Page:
Thursday, August 11, 2005

Advice for Karen Hughes, Part CXXXIV


Soft Power author Joseph Nye's latest is "Diplomatic Mission" in the Boston Globe. While giving advice to Karen Hughes, he laments the relative paucity of State's public-diplomacy budget compared with Defense's:

While a recent Pew poll shows a slight improvement in America's image in Indonesia and Lebanon, large majorities in the Muslim world remain skeptical about the United States. The United States spends only a billion dollars a year on public diplomacy to get our message out, about the same as Britain or France, though it is five times larger. The nation spends 450 times more than that on our hard military power.
Nye hits all the usual PD buttons: increased visas for students from Muslim countries; more money for U.S. international broadcasting; technology to modernize Arab educational systems. But he also tasks Hughes with coordinating the soft and hard aspects of U.S. foreign policy, a job this Bush inner-circler is uniquely suited for even though Nye doesn't say it in so many words:

Even the best advertising cannot sell if the product is poor. Hughes will have to be able to coordinate the hard and soft power aspects of government policies. She will also have to work with the private and nonprofit sectors. To accomplish our objective of promoting democracy in the region, the United States must develop a long-term strategy of cultural and educational exchanges aimed at creating a richer and more open civil society in Middle Eastern countries.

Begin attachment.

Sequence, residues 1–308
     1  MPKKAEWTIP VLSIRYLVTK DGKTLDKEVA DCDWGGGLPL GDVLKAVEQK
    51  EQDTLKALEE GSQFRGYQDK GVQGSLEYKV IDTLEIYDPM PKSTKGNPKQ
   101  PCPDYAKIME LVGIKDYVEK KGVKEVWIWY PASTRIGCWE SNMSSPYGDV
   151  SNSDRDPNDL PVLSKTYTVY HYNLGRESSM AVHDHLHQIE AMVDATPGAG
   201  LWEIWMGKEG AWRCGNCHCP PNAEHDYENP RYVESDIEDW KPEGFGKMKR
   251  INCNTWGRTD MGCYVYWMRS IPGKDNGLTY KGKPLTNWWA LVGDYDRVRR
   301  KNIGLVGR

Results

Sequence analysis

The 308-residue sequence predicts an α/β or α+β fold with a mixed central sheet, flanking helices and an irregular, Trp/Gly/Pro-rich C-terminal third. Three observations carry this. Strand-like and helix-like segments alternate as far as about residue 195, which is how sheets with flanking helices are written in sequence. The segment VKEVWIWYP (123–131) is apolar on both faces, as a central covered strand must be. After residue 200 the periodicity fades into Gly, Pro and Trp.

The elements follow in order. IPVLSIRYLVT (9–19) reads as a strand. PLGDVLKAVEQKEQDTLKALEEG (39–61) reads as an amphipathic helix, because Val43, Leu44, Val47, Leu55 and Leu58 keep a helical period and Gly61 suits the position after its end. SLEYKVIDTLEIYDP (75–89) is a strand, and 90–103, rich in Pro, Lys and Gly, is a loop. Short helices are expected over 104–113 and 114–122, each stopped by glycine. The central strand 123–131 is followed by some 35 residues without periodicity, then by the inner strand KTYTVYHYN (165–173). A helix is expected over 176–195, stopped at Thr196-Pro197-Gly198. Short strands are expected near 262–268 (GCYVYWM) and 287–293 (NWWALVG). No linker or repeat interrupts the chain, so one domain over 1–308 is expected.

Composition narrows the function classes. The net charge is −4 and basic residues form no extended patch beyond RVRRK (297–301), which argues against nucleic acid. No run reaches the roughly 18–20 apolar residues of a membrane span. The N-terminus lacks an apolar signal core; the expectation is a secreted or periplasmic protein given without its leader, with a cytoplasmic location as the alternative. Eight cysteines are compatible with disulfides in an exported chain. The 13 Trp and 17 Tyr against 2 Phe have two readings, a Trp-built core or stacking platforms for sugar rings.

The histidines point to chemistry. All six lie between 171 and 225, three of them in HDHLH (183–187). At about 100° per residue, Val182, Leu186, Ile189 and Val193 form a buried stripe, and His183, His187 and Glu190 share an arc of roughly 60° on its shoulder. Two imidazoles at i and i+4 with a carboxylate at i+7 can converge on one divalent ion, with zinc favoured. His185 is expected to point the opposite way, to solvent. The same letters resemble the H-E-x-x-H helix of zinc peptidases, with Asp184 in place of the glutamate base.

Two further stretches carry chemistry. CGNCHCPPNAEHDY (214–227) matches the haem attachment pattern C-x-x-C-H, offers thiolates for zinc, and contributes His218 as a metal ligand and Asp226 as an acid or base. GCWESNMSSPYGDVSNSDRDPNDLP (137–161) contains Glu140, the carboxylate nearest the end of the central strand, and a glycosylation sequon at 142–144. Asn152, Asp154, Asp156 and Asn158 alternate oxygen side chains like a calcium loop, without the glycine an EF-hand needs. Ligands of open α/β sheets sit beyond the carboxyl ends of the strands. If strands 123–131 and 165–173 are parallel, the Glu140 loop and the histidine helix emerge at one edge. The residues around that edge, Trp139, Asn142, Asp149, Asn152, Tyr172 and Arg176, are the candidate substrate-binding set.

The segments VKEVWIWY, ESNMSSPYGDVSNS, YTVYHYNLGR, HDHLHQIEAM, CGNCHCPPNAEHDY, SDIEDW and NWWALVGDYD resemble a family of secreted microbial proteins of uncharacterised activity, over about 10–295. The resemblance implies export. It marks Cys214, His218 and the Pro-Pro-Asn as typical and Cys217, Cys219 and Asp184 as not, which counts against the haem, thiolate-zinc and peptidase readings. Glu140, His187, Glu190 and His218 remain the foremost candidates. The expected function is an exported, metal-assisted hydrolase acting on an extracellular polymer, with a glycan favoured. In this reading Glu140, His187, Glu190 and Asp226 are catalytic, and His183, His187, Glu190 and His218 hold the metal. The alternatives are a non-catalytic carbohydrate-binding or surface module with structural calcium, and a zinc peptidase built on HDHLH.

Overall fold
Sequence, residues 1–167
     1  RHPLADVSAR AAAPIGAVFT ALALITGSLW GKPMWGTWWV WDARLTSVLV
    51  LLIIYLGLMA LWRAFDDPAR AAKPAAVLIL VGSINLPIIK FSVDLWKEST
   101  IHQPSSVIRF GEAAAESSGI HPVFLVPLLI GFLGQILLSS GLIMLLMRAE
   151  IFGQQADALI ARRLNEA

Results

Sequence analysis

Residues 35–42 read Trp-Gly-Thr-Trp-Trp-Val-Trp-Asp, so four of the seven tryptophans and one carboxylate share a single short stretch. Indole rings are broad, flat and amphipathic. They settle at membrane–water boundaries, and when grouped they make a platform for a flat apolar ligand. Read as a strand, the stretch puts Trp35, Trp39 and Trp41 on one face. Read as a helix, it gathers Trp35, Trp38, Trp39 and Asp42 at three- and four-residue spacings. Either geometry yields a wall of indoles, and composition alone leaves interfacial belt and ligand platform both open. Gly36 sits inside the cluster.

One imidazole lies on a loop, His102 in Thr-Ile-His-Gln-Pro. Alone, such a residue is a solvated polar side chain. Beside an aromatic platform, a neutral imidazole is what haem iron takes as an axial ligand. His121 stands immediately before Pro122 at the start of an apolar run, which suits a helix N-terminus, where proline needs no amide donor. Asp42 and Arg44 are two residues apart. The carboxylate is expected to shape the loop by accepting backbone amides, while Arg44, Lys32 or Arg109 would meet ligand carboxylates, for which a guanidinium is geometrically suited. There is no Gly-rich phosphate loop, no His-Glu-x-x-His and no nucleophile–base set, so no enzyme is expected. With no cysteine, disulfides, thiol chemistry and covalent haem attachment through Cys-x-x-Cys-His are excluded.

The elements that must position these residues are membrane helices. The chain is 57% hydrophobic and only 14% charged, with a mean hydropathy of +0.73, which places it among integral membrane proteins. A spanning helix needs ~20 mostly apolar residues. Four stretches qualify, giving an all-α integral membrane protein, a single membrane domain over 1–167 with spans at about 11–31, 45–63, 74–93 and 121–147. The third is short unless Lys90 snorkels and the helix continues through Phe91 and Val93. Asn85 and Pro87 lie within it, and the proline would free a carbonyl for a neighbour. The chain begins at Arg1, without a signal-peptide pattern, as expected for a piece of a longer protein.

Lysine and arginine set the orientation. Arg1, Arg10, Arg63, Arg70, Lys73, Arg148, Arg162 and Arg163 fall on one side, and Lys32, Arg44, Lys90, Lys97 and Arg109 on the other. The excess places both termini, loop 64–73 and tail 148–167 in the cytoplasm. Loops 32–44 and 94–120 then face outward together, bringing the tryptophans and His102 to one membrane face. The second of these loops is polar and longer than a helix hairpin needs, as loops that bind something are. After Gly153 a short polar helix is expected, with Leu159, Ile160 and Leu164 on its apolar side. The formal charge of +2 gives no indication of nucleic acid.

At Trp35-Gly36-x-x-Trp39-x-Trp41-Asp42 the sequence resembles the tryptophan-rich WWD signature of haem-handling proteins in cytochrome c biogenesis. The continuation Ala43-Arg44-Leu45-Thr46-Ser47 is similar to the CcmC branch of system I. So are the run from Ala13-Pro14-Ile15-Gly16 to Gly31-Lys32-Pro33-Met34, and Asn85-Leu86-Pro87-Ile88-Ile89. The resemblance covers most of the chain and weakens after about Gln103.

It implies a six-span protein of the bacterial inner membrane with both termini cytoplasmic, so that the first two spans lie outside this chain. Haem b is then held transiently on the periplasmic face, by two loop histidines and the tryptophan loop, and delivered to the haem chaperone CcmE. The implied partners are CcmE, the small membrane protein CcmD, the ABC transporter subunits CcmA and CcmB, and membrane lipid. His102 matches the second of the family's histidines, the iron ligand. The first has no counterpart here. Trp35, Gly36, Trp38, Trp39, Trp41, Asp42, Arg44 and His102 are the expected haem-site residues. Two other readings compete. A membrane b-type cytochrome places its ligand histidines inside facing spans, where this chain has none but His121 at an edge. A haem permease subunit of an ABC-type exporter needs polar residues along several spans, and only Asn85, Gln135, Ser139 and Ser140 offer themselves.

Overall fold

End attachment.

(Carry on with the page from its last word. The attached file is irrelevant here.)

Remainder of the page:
The most effective spokesmen for the United States are often not Americans but local people who understand US virtues as well as its faults. ...

Much of the work of developing an open civil society can be promoted by corporations, foundations, universities, and other nonprofit organizations, as well as by governments. Companies and foundations can offer technology to help modernize Arab educational systems. US universities can establish more exchange programs for students and faculty. Foundations can support the development of institutions of US studies in Muslim countries or programs that enhance the professionalism of journalists. Private groups can promote the teaching of English and encourage student exchanges. The government can provide encouragement and financing but faces mistrust when it is directly involved.

Hughes will find that America's soft power is difficult to wield because government does not control all the levers. But only when the United States manages to combine this type of soft power with our hard power will it be successful in meeting the challenge of Jihadist terrorism.

And while we're on the subject: Has the new undersecretary of state for public diplomacy and public affairs arrived in D.C. yet? Please write and tell me of any sightings.

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